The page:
I’ve interviewed Cumberbatch a few times, and he’s enormously engaging company – by turns captivatingly earnest and pleasingly silly. In the space of an hour and a half, he covers #MeToo, drugs, being posh, marathon-running, fame, Syria, Twitter, cold-water swimming and Robert Kennedy, and throws in spot-on impressions of Tom Hiddleston and Robert Downey Jr – “It’s a happy set [on Avengers: Infinity War, where Downey Jr plays Iron Man, and Cumberbatch Dr Strange] when he’s around. He’s everything you’d want in a friend and colleague, and you get a proper lunch-break, with really great food. He’s very generous with the spoils of his success. On the days he’s not there, you’re eating out of a Styrofoam box going ‘What is this? BRING BACK DOWNEY JR!’ ”
You can see why so many of his roles have been playing sardonic characters with hyper-verbal flows – Sherlock, Hamlet – “Although I’ve always found learning [lines] very hard. It doesn’t come easy.” The lines might not, but the energy does – his default conversational style is “whirlwind”, with touches of “tsunami”.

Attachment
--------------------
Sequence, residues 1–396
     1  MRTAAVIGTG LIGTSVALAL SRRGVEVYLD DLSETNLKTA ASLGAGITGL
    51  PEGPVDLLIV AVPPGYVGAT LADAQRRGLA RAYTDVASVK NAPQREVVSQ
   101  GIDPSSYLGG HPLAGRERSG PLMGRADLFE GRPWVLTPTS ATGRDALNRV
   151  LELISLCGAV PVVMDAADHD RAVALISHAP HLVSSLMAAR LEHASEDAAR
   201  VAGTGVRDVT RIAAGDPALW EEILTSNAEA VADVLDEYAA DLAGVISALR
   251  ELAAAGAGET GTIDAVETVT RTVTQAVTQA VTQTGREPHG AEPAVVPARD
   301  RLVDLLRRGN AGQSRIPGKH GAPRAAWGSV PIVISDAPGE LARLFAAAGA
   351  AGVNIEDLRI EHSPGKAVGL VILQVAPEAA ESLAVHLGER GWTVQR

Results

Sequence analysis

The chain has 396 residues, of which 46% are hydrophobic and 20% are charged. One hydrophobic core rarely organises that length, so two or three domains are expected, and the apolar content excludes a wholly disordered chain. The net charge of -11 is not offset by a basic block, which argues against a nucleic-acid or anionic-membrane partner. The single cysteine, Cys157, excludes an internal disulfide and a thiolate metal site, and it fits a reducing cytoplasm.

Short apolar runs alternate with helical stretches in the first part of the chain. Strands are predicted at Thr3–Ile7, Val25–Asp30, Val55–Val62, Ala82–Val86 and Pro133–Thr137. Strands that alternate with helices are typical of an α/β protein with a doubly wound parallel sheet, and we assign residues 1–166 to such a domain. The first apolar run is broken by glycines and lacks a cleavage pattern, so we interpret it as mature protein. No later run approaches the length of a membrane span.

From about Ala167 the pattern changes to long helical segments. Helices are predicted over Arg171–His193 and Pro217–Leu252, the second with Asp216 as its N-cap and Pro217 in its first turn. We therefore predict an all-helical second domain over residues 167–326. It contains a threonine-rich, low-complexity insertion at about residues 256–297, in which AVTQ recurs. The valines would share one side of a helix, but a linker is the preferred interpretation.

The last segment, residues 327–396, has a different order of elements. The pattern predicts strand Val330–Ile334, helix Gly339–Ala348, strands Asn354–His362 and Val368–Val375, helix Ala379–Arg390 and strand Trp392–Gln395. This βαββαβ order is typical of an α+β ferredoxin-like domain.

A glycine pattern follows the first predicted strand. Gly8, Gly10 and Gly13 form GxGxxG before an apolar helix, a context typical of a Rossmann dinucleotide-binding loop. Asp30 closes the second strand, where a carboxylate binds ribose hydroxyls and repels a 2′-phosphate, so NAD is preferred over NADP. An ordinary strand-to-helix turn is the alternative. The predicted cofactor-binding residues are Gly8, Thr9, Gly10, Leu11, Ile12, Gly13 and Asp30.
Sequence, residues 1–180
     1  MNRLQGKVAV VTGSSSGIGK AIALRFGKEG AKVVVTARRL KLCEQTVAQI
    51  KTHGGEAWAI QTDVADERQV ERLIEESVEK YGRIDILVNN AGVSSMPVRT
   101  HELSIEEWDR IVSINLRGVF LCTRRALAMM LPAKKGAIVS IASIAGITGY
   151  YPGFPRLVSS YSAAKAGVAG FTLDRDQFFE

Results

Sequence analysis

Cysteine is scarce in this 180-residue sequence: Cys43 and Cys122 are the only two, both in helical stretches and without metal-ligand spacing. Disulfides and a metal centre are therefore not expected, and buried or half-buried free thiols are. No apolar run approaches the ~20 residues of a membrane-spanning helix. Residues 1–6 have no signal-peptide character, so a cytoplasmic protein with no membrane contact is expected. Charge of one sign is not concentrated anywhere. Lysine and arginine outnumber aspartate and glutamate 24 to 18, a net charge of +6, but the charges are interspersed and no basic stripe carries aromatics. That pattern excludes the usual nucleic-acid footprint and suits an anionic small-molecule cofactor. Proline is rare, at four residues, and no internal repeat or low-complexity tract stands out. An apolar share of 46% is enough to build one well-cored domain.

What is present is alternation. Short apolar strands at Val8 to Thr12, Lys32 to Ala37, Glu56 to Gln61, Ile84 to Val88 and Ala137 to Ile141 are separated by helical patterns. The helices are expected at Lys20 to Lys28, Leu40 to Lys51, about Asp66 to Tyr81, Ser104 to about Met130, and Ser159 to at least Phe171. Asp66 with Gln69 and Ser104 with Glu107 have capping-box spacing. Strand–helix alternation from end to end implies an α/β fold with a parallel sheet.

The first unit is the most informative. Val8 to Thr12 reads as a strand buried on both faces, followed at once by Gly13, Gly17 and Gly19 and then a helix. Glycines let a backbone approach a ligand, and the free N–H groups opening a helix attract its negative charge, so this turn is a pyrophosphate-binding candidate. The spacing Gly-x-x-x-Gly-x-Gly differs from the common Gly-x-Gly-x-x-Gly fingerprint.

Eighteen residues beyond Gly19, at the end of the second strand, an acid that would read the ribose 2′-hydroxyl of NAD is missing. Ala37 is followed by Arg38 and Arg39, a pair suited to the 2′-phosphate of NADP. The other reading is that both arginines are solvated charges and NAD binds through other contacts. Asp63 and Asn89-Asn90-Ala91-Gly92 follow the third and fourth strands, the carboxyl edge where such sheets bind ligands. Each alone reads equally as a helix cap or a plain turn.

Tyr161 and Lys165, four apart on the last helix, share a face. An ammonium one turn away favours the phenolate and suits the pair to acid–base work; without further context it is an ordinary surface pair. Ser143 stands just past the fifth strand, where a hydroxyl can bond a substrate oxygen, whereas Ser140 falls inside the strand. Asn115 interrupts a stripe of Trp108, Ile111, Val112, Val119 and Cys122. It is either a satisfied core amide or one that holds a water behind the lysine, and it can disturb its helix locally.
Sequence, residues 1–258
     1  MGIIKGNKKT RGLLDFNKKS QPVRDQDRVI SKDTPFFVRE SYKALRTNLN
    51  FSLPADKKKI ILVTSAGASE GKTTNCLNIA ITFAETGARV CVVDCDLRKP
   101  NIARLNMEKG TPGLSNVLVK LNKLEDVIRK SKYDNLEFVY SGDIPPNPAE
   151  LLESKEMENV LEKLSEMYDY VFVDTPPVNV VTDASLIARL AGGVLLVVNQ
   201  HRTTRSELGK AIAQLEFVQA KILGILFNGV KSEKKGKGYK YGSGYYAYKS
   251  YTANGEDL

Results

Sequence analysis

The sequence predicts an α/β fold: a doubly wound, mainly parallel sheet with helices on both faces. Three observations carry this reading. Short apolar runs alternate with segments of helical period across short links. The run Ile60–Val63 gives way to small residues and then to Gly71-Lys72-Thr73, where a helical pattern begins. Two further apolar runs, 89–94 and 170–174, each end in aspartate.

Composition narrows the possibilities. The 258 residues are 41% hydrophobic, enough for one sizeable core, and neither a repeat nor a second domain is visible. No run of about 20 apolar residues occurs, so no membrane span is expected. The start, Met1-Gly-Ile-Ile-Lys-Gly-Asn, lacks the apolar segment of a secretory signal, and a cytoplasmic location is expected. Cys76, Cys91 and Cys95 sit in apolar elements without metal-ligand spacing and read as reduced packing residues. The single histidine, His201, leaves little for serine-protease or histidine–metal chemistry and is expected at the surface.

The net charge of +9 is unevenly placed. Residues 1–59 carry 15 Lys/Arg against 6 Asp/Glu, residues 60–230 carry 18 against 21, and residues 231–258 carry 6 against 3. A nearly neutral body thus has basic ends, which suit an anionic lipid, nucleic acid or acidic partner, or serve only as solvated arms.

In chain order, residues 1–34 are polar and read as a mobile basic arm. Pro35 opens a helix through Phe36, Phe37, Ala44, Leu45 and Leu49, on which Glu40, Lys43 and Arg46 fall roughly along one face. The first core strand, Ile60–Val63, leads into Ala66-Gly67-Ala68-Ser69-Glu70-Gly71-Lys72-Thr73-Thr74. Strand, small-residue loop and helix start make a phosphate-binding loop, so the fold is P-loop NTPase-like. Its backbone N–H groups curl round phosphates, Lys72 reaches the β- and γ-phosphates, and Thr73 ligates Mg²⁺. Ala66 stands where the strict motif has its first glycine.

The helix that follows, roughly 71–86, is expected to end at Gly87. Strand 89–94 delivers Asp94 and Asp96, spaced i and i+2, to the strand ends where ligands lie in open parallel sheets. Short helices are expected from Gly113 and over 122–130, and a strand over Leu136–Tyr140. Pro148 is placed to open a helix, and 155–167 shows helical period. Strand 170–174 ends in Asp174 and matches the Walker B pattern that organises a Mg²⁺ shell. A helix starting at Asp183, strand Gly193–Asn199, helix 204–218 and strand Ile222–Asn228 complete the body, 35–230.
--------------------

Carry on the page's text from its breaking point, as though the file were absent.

This energy is what drives Patrick Melrose, his latest TV show, starting on Sunday 13th May on Sky Atlantic. A fan of the Edward St Aubyn books it’s adapted from, Cumberbatch threw his hat in the ring to play Melrose back in 2013 – “Melrose and Hamlet were the only two roles I was ever desperate to play. And now I’ve done both! I can retire! Much to the relief of the world! Except, I will never retire.”